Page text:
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    Quote Originally Posted by RHandford View Post
    Hi

    Let me get this straight:

    You have a product that had a cost of c.
    Do you add the sales fee and then add 20% profit or do you add the profit and then deduct the sellers fee.
    Perhaps you could give a worked example or email me the spreadsheet

    The seller's fee is deducted as a % of the total sales price. I calculate profit margin as a percentage of total sales price. I kind of work backwards adjusting total sales price to meet the appropriate profit margin. I have a spreadsheet that quickly shows me what each price adjustment returns. Then I have another spreadsheet that I use to analyze all inventory on a weekly basis as my cost per item changes. Unfortunately, they are huge and I can't send. However, example below.

    ex:
    item cost: $15
    seller fee: 15% of total sale price
    The sales price would have to be $22.99.

    $22.99*.85 (15% fee) = $19.54 gross profit
    $19.54-$15 (item cost) = $4.54 Net profit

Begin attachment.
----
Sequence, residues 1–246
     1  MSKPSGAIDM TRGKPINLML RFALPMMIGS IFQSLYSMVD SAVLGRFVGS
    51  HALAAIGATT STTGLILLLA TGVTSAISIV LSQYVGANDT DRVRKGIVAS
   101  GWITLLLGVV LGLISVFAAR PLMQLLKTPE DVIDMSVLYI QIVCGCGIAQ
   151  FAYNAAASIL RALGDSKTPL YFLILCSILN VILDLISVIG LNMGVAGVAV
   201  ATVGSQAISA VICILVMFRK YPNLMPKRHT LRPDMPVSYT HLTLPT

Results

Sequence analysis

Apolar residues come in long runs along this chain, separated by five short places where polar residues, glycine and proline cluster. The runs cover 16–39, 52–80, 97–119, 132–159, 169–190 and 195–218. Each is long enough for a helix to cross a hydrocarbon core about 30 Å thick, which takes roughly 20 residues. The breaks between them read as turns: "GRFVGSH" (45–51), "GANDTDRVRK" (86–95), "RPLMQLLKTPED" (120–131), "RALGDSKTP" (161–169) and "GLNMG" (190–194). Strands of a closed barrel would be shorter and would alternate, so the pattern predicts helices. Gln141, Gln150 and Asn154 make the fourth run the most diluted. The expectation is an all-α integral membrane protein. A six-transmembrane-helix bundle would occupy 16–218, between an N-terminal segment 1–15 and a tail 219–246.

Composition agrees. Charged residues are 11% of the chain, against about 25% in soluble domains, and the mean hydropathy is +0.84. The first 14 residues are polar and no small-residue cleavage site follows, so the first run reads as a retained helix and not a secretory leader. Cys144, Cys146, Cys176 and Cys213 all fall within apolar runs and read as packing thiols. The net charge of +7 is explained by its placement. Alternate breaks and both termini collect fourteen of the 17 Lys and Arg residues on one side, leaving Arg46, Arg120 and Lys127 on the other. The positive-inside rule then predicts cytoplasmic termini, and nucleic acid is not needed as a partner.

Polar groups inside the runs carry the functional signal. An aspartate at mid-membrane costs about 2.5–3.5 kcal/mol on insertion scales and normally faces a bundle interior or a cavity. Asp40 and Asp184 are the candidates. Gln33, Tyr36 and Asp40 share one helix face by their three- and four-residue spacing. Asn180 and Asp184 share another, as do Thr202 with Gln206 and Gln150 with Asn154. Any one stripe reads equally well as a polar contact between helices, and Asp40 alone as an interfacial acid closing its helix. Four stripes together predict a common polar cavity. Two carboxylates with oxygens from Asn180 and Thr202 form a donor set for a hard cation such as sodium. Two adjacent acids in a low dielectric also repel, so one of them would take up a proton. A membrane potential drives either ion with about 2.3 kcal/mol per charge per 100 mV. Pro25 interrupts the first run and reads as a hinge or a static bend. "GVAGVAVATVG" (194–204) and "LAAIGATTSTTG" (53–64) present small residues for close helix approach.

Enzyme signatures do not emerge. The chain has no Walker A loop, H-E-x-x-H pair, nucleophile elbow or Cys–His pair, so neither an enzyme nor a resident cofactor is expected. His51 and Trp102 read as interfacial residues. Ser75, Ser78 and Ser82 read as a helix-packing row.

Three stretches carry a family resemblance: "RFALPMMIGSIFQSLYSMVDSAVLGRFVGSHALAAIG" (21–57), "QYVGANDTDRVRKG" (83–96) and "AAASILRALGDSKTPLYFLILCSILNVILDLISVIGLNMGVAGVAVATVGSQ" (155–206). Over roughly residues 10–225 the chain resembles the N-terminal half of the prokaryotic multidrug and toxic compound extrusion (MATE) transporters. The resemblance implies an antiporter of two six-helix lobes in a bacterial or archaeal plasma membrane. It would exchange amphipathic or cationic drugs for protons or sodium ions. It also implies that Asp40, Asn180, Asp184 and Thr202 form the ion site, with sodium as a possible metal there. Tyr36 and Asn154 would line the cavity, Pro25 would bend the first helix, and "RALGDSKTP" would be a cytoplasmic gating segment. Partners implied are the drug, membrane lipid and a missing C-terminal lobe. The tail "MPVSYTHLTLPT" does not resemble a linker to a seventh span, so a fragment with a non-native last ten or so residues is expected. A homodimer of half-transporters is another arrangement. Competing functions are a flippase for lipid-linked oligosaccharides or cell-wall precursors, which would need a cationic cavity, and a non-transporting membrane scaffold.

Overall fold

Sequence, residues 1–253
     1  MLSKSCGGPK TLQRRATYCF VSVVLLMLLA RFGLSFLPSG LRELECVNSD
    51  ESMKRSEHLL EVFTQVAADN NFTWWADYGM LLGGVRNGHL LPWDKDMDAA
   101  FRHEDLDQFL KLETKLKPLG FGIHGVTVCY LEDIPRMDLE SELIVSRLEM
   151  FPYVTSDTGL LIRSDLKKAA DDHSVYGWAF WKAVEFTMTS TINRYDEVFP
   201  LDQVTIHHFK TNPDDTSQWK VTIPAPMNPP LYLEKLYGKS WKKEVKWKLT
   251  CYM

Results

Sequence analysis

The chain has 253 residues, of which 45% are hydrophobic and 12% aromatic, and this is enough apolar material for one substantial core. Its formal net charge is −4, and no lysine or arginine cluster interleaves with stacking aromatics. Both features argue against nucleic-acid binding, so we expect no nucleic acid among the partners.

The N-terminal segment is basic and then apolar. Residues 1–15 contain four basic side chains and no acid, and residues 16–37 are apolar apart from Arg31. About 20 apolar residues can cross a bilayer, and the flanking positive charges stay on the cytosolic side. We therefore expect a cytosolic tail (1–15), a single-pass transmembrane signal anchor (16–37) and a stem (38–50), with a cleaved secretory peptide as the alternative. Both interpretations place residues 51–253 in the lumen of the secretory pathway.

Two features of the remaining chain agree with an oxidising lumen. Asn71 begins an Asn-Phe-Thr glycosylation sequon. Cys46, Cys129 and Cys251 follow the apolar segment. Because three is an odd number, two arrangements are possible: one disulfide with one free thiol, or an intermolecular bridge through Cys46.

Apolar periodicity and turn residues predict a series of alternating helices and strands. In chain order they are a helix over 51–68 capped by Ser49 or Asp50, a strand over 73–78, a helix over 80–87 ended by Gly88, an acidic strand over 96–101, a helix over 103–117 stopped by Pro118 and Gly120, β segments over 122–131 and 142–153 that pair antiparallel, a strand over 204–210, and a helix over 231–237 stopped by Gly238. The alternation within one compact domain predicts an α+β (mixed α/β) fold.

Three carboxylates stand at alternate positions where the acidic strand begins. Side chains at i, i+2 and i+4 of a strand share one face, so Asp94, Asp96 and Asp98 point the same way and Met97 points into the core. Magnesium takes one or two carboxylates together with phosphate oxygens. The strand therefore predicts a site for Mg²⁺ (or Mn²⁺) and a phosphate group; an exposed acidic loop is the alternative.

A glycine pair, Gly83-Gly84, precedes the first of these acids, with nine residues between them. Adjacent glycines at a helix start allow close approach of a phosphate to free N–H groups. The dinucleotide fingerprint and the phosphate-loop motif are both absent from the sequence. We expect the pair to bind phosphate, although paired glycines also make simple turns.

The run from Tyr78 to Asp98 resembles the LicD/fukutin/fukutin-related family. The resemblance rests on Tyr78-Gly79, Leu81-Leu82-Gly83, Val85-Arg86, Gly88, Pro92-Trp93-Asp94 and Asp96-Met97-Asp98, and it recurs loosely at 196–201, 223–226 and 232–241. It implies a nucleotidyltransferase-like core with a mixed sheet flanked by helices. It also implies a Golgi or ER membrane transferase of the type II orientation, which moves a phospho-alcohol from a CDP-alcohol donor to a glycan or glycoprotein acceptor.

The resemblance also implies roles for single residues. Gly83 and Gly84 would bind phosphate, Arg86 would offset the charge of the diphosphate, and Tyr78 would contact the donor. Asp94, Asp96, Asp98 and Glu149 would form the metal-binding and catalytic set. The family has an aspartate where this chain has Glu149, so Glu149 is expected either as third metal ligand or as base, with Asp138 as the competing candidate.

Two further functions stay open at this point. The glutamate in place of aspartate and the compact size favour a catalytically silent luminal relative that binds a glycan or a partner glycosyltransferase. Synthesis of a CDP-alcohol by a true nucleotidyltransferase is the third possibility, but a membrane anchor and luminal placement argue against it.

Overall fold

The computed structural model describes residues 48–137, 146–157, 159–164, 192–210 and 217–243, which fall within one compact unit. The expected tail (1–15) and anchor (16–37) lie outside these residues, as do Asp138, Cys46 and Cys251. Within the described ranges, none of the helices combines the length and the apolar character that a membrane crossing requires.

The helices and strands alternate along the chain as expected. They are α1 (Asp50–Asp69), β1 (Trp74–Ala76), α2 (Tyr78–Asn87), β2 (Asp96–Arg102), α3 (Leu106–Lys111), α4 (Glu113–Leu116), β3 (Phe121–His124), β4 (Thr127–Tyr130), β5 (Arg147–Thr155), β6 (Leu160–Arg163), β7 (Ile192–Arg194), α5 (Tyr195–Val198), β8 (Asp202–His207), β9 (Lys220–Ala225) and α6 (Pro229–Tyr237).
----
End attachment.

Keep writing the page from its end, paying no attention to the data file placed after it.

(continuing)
$4.54/$22.99 = .197 or 20% profit margin on the total sale
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  4. #4
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    Quote Originally Posted by onestop View Post
    item cost: $15
    seller fee: 15% of total sale price
    The sales price would have to be $22.99.

    $22.99*.85 (15% fee) = $19.54 gross profit
    $19.54-$15 (item cost) = $4.54 Net profit
    $4.54/$22.99 = .197 or 20% profit margin on the total sale
    Hmmm....are you sure? Shouldn't it be this way:
    Code:
    Item cost     : 15.00
    Seller fee   :   3.18 (15% of 21.18)
    Profit margin:   3.00 (20% of 15.00)
                    =====
    Selling price : 21.18
    Now you pay the salesman his $3.18 fee, and you're left with $18.00,
    so a $3.00 profit since item cost is $15.00, or 20%.
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  5. #5
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    That would be a 20% ROI. I'm looking for a 20% profit margin on sale.